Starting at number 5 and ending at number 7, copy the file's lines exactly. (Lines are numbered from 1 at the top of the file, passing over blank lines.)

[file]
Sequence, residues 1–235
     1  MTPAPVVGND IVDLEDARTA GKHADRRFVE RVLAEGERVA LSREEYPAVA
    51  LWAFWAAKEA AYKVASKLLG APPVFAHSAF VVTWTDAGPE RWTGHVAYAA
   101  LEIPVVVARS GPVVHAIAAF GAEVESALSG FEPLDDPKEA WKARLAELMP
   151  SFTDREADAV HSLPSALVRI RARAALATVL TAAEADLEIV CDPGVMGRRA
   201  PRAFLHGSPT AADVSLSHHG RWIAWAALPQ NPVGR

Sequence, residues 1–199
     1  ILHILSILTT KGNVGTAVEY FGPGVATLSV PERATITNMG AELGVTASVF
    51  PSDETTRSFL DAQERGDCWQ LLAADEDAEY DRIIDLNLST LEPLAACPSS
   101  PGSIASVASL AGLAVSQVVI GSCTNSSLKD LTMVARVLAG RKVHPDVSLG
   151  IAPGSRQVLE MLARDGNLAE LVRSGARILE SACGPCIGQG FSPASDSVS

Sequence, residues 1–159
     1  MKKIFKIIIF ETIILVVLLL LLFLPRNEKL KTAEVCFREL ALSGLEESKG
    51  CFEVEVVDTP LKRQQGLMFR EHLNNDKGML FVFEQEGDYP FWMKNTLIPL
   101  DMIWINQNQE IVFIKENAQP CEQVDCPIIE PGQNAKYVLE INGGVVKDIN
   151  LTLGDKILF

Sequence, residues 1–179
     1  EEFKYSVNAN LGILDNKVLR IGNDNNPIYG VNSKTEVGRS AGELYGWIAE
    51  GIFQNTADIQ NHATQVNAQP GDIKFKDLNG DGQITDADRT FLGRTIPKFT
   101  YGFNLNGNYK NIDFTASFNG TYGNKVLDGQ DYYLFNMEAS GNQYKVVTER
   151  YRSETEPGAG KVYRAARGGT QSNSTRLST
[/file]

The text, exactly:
   151  SFTDREADAV HSLPSALVRI RARAALATVL TAAEADLEIV CDPGVMGRRA
   201  PRAFLHGSPT AADVSLSHHG RWIAWAALPQ NPVGR

Sequence, residues 1–199